The ICC’s 21st Congress adopted a report on the ICC’s role as a “Fraction”. We publish here the first part, giving the historical context and a reminder of the Fraction as a concept.
“Marxism is a revolutionary world outlook which must always strive for new discoveries, which completely despises rigidity in once-valid theses, and whose living force is best preserved in the intellectual clash of self-criticism and the rough and tumble of history.” (Rosa Luxemburg, An Anti-Critique)
A century ago, on 1st of May1916, at the Potsdam Platz in Berlin, the revolutionary internationalist Karl Liebknecht pointed to the working class answer to the war that was devastating Europe and massacring a whole generation of proletarians. In front of a crowd of some 10,000 workers who had been demonstrating in silence against the privations that were a necessary consequence of the war, Liebknecht described the anguish of proletarian families facing death at the front and starvation at home, concluding his speech (which was also reproduced and distributed at the demonstration in leaflet form) by raising the slogans “down with the war!” and “down with the government!”, which provoked his immediate arrest despite the efforts of the crowd to defend him.
When Jeremy Corbyn became leader of the Labour Party in Britain he stepped down from being chair of the Stop the War Coalition (StWC), while continuing to support its activities. Opponents of Corbyn have used this continuing connection to attack Labour and its leader. The ensuing arguments have pursued familiar lines with Corbyn and friends accused of being ‘anti-West’ and ‘pro-jihadi’ and his detractors portrayed as ‘bombers’ and Blairites.
In the first article in this series, we gave a brief overview of the origins and function of migration in the capitalist system and how this has changed as that same system began its remorseless historical decline in the early 20th century. In this article, we will examine how these trends developed and became an important factor in the course towards the Second World War, culminating in the horror of the Holocaust.
Floods, caused by a series of severe storms that battered the Northern British Isles this December, have brought the misery of repeated flooding to thousands, not just in the North of England but also in Scotland, and Ireland. They are one of a number of phenomena to hit the world this winter, including unseasonably mild weather on the East coast of North America, Western Europe and the North Pole; El Nino and flooding in South America, with the latter inundating 130,000 homes in Paraguay alone. Equally striking is the fact that the media are not passing it off as an ‘Act of God’ or a purely natural disaster, but apportioning blame to government policy on flood defences and considering the contribution of climate change. They do not, however, recognise the role of capitalism itself.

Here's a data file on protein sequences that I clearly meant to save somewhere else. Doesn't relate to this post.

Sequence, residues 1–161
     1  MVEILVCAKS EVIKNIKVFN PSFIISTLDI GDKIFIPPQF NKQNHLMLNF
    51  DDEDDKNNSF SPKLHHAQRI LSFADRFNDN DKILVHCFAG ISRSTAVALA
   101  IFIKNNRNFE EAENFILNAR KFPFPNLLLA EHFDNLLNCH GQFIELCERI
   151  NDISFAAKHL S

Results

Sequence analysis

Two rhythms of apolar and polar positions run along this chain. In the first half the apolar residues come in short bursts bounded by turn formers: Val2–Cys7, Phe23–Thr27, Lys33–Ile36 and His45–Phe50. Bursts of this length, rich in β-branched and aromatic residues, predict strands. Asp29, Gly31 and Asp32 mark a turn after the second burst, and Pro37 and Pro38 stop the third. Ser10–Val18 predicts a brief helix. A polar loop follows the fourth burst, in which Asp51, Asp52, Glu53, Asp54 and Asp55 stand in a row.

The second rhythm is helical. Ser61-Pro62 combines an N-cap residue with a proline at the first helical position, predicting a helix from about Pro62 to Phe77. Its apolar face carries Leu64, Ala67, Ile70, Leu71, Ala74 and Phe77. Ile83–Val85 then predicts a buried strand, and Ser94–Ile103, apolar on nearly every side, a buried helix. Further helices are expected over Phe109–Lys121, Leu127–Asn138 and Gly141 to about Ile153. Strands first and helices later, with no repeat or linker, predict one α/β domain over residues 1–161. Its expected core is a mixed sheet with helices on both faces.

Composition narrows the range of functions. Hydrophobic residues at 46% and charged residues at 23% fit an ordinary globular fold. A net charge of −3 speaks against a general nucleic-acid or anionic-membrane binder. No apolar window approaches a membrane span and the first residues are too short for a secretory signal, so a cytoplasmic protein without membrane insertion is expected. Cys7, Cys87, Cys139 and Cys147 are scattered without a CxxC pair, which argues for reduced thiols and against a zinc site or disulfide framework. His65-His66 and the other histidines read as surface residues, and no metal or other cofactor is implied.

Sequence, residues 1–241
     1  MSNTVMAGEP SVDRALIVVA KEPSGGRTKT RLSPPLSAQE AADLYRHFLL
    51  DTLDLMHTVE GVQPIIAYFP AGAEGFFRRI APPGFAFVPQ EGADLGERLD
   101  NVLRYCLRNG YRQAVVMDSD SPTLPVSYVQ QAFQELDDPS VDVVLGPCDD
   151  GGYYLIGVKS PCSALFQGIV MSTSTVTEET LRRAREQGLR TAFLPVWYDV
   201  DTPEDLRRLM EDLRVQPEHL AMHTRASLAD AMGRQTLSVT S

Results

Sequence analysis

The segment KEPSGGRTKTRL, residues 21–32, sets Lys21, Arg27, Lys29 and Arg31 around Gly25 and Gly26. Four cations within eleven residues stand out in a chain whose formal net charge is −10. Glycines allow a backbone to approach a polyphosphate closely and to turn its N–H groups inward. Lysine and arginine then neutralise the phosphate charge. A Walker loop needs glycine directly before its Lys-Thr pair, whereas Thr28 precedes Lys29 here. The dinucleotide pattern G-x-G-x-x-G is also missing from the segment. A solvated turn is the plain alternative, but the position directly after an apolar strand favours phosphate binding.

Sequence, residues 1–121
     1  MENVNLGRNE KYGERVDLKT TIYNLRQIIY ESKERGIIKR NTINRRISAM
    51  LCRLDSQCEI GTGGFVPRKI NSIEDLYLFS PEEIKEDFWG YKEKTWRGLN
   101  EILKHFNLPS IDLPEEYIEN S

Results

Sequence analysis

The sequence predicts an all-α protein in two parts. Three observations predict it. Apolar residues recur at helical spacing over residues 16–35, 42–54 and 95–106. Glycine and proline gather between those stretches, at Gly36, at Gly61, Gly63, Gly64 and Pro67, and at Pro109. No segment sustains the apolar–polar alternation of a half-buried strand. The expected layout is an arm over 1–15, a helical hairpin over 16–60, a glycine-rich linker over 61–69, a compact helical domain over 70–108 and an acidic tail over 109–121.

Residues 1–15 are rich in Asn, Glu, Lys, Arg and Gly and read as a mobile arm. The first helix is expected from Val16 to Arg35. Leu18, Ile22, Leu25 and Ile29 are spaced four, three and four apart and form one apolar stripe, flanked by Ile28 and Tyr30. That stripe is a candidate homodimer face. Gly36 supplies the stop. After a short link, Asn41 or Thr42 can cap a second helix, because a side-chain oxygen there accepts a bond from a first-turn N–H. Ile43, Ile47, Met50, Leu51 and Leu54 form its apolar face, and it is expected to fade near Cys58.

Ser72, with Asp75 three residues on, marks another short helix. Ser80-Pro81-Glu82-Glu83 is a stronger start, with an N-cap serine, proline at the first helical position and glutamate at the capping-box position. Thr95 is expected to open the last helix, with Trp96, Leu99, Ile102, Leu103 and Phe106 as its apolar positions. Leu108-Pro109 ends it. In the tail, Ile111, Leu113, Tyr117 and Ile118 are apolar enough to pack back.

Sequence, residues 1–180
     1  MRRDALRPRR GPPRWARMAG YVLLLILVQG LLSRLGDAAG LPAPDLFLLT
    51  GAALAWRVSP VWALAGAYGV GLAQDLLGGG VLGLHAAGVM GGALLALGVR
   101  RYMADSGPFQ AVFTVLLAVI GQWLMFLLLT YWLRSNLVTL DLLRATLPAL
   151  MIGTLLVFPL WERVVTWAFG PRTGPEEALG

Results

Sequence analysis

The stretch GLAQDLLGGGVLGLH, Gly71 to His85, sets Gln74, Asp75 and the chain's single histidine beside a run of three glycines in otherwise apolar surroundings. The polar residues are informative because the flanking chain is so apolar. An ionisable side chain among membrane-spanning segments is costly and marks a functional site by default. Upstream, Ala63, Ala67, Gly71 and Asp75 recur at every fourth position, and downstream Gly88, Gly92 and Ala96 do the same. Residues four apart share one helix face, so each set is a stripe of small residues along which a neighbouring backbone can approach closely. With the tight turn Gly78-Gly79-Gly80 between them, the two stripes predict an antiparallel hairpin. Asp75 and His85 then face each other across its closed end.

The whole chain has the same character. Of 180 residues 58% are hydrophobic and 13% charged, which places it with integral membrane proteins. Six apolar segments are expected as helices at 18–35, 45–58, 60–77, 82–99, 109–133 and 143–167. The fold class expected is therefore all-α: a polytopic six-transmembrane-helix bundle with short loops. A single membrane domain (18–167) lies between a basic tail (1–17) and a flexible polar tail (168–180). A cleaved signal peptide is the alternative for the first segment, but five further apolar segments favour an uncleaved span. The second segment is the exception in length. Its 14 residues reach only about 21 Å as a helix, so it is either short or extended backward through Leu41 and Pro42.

The brutal slaying of 130 people in Paris on 13 November 2015 was used to justify the stepping up of British imperialism’s involvement in the living hell that is Syria. Even as the massacre was taking place the faction of the ruling class in Britain that for some years has wanted to escalate military action against Islamic State was calling for the overturning of the 2013 parliamentary vote against the extension of British involvement in this campaign from Iraq to Syria. This cold-blooded manipulation of the revulsion at the Paris slaughter was whipped up into an almost hysterical campaign which culminated in Labour’s Hilary Benn’s speech comparing the fight against the “fascists” of IS to the Second World War. The subsequent vote to bomb IS in Syria was presented as Britain once again taking up its rightful place in the world as a moral force.
Militarism and war, central manifestations of capitalism for around a century now, have become synonymous with the decay of the economic system of capitalism and the necessity to overthrow it. War in this period, and into the future, is a central question for the working class.
The longer capitalism continues, the more it undermines the possibility of replacing it with a human society – a society based on solidarity and cooperation. But at the same time, every aspect of its descent into barbarism adds further proof that such a society is both necessary and possible. If the capitalist economy is in crisis because it can’t sell all the commodities it produces, if it can’t generate enough profit from its production, then we need a society where people produce not for the market and not for profit, but for need. If national economies are driven to plunder nature in order to outdo their rivals, or if the same nation states can only advance their interests through war and destruction, we need to replace competing national states with a unified world community. In short, we need communism.
2015 has seen the high profile mainstream film Suffragette, as well the announcement of a new biography of Sylvia Pankhurst. The article we’re reprinting here originally appeared in World Revolution in 1980. At that time, very little was written about the life and politics of Sylvia Pankhurst and her own writings were difficult to obtain. As the article notes, those books that did deal with Sylvia tended to leave a large and unexplained gap from 1914 to the early post-war years; in other words, the period of her break with the Suffragette movement and her internationalist opposition to the war, which led her to enthusiastically support the Bolsheviks in the Russian revolution and to call for soviet power in Britain.